compLexity Gaming has secured the first Dota 2 P1 athletes visas for their three Swedish players – Rasmus “Chessie” Blomdin, Linus “Limmp” Blomdin and Simon “Handsken” Haag. Visa issues have been plaguing Dota 2 and esports for several years now, making travel difficult for some players at times.
Just got myself an approved P1 (Internationally recognized athlete) 2 years visa for America! How far we've come pic.twitter.com/XCUVUvOrZq
— Rasmus Blomdin (@ChessieDota) July 6, 2016
compLexity Gaming have once again shown they are ahead of the curve in taking care of their players and moving towards a more athletic club culture and approach to esports. Earlier in May, the organization had become the first esports organization to train at IMG academy – a world renowned training haven and school for traditional sports.
Now, Swedish brothers Rasmus “Chessie” Blomdin and Linus “Limmp” Blomdin, along with Swedish teammate Simon “Handsken” Haag have successfully obtained the much coveted United States P1 athletes visas.
compLexity’s visas will be in effect for two years and allow the Swedish players to temporarily live, play and earn salary in the United States as Internationally recognized athletes.
All three members joined compLexity Gaming at the end of November and moved to the team house in Florida.
P1 athletes visas
P1 athletes visas gained much attention recently. In May, official petition was filed with the US White House requesting a policy change allowing international competitors ease in obtaining the visas.
The required 100,000 signatures was obtained and submitted requesting that the White House review and revise P1 athletes visas to include the recognition of esports competitors.
P1 athletes visas applies to athletes are filed:
if you are coming to the U.S. temporarily to perform at a specific athletic competition as an athlete, individually or as part of a group or team, at an internationally recognized level of performance.
However, according to the proponents of the petition, “esports players are often denied these visas because they’re deemed to not meet P-1A standards. Adding esports to the category would make it much easier for a foreign competitor to meet the standards of the visa”
In June, The United States Citizenship and Immigration Services (USCIS) declined to make any changes to the process.
The White House’s official response stated that the current policy and process did not prohibit players from receiving P1 athletes visas:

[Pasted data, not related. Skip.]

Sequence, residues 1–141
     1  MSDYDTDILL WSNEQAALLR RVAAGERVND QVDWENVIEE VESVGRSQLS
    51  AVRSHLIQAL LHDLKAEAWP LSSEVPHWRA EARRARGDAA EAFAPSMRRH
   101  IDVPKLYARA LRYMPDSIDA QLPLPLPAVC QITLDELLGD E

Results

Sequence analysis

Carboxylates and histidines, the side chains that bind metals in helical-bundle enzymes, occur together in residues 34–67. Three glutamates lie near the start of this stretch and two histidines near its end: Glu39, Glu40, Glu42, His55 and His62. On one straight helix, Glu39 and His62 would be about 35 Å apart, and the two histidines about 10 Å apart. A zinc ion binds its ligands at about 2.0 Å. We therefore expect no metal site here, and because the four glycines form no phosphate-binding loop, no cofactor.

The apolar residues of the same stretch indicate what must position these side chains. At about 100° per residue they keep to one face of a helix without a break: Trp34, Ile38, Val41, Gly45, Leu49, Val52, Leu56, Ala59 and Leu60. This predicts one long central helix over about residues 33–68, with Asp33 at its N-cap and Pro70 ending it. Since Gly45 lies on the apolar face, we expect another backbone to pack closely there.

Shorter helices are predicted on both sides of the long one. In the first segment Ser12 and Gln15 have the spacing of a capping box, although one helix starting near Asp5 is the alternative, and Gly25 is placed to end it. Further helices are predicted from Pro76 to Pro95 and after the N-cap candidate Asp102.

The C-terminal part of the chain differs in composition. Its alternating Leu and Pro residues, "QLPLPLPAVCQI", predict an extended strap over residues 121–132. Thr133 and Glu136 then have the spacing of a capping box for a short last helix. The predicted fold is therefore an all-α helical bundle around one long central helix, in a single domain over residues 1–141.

According to USCIS, the agency responsible for processing P-1 visa applications, there is no current policy categorically precluding an eSport from being recognized as a qualifying athletic competition. In fact, USCIS has approved P-1 visa petitions for athletes seeking to enter the United States to compete in eSport events.
compLexity Gaming is a North American organization founded in 2003.
In November 2015 the Dota 2 team underwent roster changes – welcoming Swedish brothers Rasmus “Chessie” Blomdin and Linus “Limmp” Blomdin for the new season, reviving most of the HoN StayGreen roster from 2013-2014. Simon “Handsken” Haag also joined the mix.
Since then, they have had powerful and compelling victories and performances.
The North American/European mix overpowered Shazam, 3:2, in the Americas Qualifiers for EPICENTER Moscow, eventually taking fourth place in the main event.
The NA based squad took 9th-12th place at the Manila Major. Before the Major, coL were given a run for their money when Digital Chaos overpowered them in the SL i-League StarSeries Season 2 American Qualifier and the The Summit 5 American Qualifiers.
Most recently compLexity Gaming took 5-6th in ESL One Frankfurt 2016 and the TI6 wild card spot for The International 6 when they came in third place behind Evil Geniuses and Digital Chaos.
compLexity Gaming roster:
Kyle “swindlemelonzz” Freedman
Zakari “Zfreek” Freedman
Rasmus “Chessie” Blomdin
Linus “Limmp” Blomdin
Simon “Handsken” Haag